Bulgarian Orthodox Church pulls out of Pan-Orthodox Council

An Orthodox procession in Bulgaria.

The Bulgarian Orthodox Church has effectively withdrawn from the Pan-Orthodox Council due to happen later this month, according to sofiaglobe.com.

The Holy Synod of the Bulgarian Orthodox Church said that the council should be postponed until "thematic and organisational changes" were made, listing six objections to the draft documents that have been prepared for the meeting.

It says that unless the objections are met, they are "determined not to participate". Just weeks before the council, being held, between June 16-26, it is highly unlikely that the substantial changes will be made.

The Pan-Orthodox Council, the first of its kind in around 1,000 years, is a meeting of all the world's autocephalous (independent) Orthodox churches.   Preparations for it began in 1961 and it is being convened to address issues within Orthodox Christianity that have appeared since the beginning of the 20th century, including both ethical and territorial issues.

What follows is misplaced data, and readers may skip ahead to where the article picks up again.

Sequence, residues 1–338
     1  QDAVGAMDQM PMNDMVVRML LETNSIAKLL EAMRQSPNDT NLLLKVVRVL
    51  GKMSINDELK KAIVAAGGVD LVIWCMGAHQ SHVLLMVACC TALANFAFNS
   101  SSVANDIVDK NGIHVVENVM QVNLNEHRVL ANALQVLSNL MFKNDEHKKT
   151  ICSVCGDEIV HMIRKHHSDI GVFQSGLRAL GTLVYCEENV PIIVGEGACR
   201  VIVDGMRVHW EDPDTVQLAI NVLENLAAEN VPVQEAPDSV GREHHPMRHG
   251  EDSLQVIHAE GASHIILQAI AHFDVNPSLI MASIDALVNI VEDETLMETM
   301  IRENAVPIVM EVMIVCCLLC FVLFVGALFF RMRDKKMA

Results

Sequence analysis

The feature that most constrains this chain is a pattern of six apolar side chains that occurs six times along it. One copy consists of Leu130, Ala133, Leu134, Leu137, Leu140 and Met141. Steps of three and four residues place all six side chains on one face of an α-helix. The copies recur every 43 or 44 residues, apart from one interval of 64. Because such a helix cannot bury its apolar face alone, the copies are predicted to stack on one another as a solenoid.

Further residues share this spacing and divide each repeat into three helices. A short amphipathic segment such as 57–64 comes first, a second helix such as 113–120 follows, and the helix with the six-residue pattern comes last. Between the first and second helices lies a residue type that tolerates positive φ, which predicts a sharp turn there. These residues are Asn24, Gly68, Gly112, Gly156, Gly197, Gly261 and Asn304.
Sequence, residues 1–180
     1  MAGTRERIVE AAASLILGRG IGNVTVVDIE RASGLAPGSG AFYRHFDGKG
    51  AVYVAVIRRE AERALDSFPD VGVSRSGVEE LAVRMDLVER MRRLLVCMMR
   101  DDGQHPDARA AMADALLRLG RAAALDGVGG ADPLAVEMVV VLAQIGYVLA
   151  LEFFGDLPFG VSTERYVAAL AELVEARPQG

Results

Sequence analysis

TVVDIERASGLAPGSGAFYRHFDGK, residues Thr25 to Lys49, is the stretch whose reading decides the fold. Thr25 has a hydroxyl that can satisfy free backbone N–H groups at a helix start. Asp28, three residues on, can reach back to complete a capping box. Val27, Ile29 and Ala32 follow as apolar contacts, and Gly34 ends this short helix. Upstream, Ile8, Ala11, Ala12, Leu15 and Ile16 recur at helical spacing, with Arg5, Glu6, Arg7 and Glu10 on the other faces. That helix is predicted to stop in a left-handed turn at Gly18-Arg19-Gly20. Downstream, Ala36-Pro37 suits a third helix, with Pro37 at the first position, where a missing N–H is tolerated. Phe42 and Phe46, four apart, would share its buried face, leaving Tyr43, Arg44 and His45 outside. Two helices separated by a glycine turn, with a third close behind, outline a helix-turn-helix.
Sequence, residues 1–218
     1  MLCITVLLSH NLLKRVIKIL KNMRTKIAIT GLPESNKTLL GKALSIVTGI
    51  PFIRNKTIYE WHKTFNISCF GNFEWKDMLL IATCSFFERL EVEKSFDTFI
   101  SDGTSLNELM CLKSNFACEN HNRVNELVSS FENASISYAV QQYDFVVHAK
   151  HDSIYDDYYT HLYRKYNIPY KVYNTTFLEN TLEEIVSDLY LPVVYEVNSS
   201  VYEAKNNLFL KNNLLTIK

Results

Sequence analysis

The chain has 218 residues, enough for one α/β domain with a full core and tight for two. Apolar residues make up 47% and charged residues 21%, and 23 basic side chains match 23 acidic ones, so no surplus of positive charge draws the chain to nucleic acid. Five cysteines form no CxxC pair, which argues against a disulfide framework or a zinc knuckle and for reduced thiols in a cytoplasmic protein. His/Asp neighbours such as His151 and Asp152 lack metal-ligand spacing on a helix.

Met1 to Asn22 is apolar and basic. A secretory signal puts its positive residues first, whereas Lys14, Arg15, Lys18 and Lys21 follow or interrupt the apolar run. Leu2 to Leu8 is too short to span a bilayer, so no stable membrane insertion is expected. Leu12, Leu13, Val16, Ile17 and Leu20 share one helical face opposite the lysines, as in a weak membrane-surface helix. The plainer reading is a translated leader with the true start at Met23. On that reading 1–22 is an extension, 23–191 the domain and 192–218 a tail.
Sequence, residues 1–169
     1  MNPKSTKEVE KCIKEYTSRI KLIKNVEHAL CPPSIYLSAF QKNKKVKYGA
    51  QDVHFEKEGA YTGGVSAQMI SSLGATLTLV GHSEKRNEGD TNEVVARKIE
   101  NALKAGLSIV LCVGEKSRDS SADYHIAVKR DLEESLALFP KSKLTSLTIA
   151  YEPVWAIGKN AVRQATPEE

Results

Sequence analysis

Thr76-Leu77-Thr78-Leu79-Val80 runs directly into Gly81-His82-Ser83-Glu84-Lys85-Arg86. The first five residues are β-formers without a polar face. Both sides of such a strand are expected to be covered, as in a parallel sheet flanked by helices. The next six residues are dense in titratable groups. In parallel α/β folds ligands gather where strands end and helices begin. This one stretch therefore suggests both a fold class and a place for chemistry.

The Bulgarian synod said it had held "extensive discussions" over the council and concluded that it had six objections that necessitated its postponement.

The objections included a vague reference to the absence of important issues "that have contemporary relevance and require timely Pan-Orthodox Council resolution", but did not specify what these topics were.

It also objecting to the seating arrangements for the primates of Orthodox Churches during the council, as it "violates the principle of equality of the primates of the Autocephalous Orthodox Churches".

The Bulgarian Church also objected to the "large and unjustified" expense of attending the council.

The preparatory documents for the council are the result of long negotiations from leaders from across the Orthodox Churches.